Steiner Chapter 4 Thought Questions

Lawrence Humphrey “distinguished between major and trivial tongues according to history, philosophy, and letters which they record and express” (p. 277-278). He then claims that it is “solely between major languages that the process of translation is truly meaningful” (page 278). His work was with Hebrew, Greek, and Latin. These seem like choices that highlight many of the major biblical and Old World civilizations. However, does he therefore claim that these three languages will remain the major languages throughout time? If language is based on social climate to understand the context of the work and thus to be able to then translate it, how can the major language not change throughout history?

Furthermore, how is translation possible if there is not a true conformity between thought and speech? If the full entity of thought is not completely and exactly captured in speech, we cannot hope to then translate the words without loosing some of the original meaning of the author.

Finally,  we do not know if there is any basic commonality of language, particularly in terms of human processing, and our models of learning and memory are inferred from incomplete knowledge. How then can we have a theory of translation if we do not know how we store, organize, or produce the different languages of an individual’s mind?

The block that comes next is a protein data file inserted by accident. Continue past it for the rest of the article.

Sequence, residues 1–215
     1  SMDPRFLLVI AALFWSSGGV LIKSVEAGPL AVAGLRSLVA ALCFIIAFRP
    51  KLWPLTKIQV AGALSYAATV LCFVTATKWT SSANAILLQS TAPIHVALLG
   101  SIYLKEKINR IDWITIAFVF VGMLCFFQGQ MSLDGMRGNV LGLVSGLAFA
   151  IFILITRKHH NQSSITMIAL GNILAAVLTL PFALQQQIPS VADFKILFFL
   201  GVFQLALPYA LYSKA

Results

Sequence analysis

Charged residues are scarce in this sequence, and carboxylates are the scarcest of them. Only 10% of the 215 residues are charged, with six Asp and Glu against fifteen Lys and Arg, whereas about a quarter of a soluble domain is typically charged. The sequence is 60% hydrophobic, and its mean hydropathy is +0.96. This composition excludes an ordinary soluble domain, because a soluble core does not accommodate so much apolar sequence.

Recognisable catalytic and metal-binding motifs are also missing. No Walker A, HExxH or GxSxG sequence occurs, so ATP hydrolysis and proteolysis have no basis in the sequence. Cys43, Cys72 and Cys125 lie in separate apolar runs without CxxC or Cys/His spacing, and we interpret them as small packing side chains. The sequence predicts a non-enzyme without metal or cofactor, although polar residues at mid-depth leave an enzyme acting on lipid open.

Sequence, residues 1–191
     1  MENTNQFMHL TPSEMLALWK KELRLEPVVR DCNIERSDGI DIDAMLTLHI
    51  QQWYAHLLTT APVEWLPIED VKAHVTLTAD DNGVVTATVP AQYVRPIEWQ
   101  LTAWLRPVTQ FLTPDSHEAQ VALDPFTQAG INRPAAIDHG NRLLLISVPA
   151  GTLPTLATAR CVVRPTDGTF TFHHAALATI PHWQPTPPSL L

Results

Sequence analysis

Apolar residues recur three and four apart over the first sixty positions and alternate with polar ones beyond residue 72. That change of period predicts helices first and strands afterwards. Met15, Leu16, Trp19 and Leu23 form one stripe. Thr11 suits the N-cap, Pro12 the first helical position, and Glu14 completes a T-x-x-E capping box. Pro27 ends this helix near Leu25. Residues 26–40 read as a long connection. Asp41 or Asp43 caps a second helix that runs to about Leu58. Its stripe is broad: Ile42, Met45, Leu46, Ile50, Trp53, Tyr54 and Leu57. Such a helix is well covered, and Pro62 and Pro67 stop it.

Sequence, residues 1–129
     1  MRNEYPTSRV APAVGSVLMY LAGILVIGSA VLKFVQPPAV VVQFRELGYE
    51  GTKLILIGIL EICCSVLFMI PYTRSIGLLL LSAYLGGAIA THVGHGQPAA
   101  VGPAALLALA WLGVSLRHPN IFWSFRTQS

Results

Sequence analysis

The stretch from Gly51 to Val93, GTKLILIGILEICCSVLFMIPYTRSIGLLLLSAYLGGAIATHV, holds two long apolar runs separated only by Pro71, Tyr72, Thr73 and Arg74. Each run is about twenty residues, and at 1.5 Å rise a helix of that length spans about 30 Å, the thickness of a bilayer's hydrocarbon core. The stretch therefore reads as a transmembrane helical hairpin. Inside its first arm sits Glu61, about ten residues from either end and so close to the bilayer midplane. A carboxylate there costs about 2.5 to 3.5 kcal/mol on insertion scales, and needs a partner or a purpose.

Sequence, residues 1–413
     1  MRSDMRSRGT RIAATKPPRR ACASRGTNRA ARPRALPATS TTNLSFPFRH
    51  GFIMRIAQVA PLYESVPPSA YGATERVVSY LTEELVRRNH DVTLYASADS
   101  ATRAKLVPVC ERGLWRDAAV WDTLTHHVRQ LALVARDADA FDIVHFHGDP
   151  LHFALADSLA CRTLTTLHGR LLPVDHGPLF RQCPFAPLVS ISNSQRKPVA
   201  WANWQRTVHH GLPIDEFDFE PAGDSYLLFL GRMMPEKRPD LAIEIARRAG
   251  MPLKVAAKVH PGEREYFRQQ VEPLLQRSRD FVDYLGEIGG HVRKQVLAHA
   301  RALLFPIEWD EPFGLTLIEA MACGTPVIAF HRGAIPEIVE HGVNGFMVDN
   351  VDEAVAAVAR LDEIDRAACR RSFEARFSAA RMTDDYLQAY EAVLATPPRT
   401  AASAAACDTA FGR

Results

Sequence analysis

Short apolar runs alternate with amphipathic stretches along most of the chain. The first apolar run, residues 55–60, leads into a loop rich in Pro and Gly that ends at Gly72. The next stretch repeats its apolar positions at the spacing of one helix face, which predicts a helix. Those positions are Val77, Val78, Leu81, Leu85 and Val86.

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rlw029

My name is Rachael Wachter and I am a sophomore neuroscience major. I am interested in translation studies because I want to learn how the brain and our behavior is affected by differences in language and culture.

One thought on “Steiner Chapter 4 Thought Questions”

  1. Nice questions, Rachel! I would be interested in looking at the final section of Chapter 4 where Steiner discusses neurophysiology and language, especially as research has burgeoned in the years since Steiner wrote this work.

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